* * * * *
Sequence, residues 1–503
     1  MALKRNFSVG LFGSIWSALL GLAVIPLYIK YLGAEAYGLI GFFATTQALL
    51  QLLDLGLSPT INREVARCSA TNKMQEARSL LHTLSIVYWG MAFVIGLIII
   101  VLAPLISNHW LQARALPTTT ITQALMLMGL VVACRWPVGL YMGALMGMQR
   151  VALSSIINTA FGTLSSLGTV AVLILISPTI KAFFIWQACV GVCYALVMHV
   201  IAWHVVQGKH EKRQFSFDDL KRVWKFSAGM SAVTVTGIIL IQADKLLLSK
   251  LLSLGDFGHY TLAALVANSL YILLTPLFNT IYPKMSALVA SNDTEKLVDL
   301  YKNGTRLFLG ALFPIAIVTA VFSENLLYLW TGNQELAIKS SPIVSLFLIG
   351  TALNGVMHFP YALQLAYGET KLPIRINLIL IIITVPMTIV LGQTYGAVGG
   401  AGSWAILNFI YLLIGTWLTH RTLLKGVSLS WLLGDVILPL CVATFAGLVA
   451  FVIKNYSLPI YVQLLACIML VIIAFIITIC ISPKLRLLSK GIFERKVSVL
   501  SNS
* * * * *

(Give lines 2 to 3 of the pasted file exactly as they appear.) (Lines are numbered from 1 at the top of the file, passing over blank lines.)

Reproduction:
     1  MALKRNFSVG LFGSIWSALL GLAVIPLYIK YLGAEAYGLI GFFATTQALL
    51  QLLDLGLSPT INREVARCSA TNKMQEARSL LHTLSIVYWG MAFVIGLIII